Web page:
Yoshinori Muto
Muto wants to think over Chelsea's offer before making his next move.Getty Images

FC Tokyo striker Yoshinori Muto wants time to consider an offer from Premier League leaders Chelsea after admitting his next club must be somewhere he can win regular first-team football.

Club president Naoki Ogane confirmed in early April the club had received an offer, reportedly of £4m, for the forward who netted 13 goals in the J-League last season.

Instead of being impressed by the interest from Jose Mourinho's side, the 22-year-old wants to contemplate his future before making a decision over a switch to English football, despite Chelsea's profile as one of the biggest clubs in the world.

"I want to think about it carefully," he said. "Where can I go to develop? A team that suits me, where I can play and develop. I'm thinking about that, and for now, I just want to take my time and think it through."

Muto has scored five goals in six appearances for Tokyo this season and speaking before his recent strike against Sanfrecce Hiroshima, the player hopes to maintain a ratio of a goal-a-game for the remainder of the campaign.

"Four goals in five games is a good start, but I'm not satisfied with that, and I want to improve myself," he added. "If I can get the ratio to more than a goal a game, then I will be able to become a better player, so that's what I'm aiming for."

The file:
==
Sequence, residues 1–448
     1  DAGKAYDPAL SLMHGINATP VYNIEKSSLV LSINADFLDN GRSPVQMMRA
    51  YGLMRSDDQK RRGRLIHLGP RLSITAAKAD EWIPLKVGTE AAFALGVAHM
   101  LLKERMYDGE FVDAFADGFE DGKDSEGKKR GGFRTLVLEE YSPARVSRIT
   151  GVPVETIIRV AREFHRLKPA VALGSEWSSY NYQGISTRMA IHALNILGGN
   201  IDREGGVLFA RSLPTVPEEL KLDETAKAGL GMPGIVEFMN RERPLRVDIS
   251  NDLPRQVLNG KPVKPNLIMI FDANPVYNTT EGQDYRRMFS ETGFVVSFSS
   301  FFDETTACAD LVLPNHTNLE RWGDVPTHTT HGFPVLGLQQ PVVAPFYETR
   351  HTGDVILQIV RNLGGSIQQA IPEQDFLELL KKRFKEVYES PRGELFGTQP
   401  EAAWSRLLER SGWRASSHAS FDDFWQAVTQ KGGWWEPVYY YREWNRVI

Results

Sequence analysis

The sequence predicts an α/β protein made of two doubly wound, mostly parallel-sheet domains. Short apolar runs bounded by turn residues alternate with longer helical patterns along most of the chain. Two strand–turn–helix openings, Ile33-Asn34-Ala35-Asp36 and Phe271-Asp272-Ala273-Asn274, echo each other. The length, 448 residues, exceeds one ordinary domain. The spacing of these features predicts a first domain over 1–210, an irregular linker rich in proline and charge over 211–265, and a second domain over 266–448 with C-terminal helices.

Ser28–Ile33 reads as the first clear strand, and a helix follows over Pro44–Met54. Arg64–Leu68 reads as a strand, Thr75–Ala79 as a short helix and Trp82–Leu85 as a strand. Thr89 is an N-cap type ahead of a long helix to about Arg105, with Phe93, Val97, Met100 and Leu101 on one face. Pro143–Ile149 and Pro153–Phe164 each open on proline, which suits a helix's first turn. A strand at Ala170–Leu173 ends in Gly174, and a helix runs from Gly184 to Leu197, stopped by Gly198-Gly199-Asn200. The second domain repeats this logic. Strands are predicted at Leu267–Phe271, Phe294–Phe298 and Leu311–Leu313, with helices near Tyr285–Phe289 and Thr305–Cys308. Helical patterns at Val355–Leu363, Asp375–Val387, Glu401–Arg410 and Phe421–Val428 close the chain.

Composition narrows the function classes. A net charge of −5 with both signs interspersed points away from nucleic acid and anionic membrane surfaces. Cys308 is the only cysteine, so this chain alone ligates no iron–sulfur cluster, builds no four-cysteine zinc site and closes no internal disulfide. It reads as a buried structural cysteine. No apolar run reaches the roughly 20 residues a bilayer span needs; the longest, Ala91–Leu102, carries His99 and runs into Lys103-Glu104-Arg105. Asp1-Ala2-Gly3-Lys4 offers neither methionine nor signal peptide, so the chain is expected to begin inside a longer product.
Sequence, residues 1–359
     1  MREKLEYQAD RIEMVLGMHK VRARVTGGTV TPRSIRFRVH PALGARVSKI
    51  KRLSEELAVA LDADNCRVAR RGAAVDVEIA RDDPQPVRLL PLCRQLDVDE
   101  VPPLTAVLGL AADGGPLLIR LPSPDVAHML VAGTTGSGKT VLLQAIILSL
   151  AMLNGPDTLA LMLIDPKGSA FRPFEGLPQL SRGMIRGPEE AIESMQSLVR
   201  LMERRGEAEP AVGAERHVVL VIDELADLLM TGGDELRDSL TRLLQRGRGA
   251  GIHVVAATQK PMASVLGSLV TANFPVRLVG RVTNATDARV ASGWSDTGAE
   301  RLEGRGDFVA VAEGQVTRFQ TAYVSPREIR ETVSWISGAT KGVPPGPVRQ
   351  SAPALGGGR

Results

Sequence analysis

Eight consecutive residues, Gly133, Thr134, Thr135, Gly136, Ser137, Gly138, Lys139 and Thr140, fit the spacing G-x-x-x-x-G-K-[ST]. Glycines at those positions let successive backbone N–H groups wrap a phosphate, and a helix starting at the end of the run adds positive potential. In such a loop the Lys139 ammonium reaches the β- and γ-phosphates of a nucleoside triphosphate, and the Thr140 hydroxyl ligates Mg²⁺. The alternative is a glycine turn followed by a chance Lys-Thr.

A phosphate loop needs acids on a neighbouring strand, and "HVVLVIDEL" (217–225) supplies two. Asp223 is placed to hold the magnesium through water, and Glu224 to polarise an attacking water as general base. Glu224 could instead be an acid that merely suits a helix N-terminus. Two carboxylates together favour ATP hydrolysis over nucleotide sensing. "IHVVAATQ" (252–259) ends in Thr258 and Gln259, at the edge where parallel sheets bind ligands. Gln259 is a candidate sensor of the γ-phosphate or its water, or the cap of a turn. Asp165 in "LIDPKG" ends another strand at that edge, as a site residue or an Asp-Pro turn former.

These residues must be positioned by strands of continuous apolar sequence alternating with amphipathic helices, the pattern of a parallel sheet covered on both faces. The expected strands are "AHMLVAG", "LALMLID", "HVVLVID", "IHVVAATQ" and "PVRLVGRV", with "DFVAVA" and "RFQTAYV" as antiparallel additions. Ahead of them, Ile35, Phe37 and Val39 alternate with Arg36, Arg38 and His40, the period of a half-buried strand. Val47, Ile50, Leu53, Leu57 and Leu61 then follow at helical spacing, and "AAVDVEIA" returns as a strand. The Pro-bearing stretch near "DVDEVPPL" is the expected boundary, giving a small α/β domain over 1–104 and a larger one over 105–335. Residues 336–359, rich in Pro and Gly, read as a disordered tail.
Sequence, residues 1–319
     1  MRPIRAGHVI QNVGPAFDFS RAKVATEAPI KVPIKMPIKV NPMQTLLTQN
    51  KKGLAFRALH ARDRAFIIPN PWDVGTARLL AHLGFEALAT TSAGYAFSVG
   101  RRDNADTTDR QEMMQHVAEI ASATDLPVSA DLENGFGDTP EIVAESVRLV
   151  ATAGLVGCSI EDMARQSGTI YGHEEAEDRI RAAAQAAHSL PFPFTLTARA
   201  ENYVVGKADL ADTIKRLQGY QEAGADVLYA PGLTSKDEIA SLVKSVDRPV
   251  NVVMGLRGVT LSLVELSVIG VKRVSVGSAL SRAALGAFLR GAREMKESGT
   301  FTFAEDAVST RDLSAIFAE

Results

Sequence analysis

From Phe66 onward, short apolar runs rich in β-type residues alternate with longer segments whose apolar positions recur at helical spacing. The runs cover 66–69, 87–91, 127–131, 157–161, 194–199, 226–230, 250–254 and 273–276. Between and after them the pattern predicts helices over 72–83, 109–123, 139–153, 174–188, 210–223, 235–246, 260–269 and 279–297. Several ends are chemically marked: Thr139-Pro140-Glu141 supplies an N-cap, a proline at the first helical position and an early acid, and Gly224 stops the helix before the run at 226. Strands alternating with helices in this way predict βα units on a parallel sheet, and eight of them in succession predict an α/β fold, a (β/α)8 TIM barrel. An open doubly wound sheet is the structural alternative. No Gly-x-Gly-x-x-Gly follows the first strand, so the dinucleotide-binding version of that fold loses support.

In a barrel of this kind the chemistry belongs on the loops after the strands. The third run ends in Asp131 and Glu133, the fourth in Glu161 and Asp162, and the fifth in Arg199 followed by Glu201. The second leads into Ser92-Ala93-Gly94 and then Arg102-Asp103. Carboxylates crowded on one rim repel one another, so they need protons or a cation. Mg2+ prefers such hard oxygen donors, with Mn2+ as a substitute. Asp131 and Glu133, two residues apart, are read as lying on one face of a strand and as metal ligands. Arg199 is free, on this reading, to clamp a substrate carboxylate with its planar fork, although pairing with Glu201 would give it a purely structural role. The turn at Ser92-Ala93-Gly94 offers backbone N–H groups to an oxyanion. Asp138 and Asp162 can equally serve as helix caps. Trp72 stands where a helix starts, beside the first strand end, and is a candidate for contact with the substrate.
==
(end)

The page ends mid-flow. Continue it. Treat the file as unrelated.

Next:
News of Chelsea's interest in Muto came less than two months after the club confirmed a £200m ($300m), five-year shirt sponsorship agreement with Yokohama Rubber, a deal which is expected to enhance the club's status in Asia.

The signing of Muto would also swell Chelsea's profile in an area dominated by Liverpool and Manchester United and Mourinho explained, when questioned regarding interest in the player, that any deal would be in keeping with a modern-trend in world football.

"I know a little [about Muto]," he said. "[But] I don't think it's nice for me to speak about a player who plays for FC Tokyo. That's modern football, that's modern management. Football is a business, is an industry. You have to think about the financial situation, especially a club like Chelsea that wants always to be under the rules and Financial Fair Play.

"You cannot close completely the door to a little bit of commercial interest. But we are a football club, we want to win matches and trophies and we don't get players if we don't believe the player is a good player or a good prospect. That is for sure. We would never bring a player if the player has no capacity to be in a Chelsea Football Club squad."